Proton made me uninstall my dual-boot windows-steam-launcher


It’s hard to believe that it’s only been five years.


Are there still more people with VR headsets than Linux gamers on the steam survey?


Oh those memories, playing Commandos 2 on an old Laptop running Lubuntu in the summer of 2016. The wine setup worked strangely easy. But yeah, Proton accelerated everything immensely!


Valve is the only corporation I will unapologetically simp for. It’s amazing how far Linux gaming has come in the past few years, especially now that the developers of stuff like EAC are finally making their shit compatible.


Valve is such a weird company.

They became where nearly every PC game is sold by using some of the greatest games of all time as advertising. The orange box has to be the biggest return on a loss leader ever.

cordlesslamp, (edited )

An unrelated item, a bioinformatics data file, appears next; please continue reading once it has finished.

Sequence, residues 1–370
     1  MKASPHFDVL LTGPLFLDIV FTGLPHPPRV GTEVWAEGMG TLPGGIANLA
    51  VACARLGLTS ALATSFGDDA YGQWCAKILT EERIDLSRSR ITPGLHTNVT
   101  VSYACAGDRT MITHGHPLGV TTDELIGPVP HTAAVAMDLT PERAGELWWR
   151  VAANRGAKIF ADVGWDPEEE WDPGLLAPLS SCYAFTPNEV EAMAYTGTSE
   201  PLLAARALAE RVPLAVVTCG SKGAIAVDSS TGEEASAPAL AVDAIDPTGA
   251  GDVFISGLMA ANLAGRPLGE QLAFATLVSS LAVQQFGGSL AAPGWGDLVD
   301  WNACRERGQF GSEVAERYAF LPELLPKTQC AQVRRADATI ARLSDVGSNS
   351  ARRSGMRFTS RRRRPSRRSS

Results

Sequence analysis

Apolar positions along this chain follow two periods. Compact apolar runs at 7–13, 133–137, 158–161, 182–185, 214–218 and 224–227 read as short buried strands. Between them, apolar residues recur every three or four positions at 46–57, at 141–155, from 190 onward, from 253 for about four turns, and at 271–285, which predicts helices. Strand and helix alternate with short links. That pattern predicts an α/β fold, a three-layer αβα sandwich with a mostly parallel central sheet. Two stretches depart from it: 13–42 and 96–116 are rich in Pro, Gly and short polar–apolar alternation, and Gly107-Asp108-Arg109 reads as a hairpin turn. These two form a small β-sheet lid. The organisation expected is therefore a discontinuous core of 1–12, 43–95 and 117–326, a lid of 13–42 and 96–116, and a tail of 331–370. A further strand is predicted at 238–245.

I am getting a MacBook for work reason (my work required MacOS-only app, not my choice). I would prefer to only have 1 laptop if I could. So should I pay extra for higher model (more GPU cores) and use it for gaming? (I Mostly play racing game and single player RPG). Or would I better off by getting the base model MacBook pro, and a mediocre PC with the money left over (~$700)?

I’ve never owned nor used MacOS before.


@Spectacle8011@lemmy.comfysnug.space avatar

macOS has made it difficult for both game developers and Wine developers to support the platform by letting their OpenGL support rot, removing 32-bit support, ignoring Vulkan and coming out with their own graphics API, Metal. Wine is in a worse state than on GNU/Linux. There aren’t many native games available for macOS.

That being said, your best bet is likely CrossOver. They employ the principle Wine developers, worked with Valve on Proton, and have put a lot of effort into supporting macOS. They’ve got a free trial with complete functionality you can try out.

But if the games you’re playing have native releases for macOS, that’s not something you need to worry about. There are just so few games available on macOS that I assumed they don’t. Now, I only have an Intel iMac which I never play games on so I couldn’t tell you how the newer ARM laptops perform.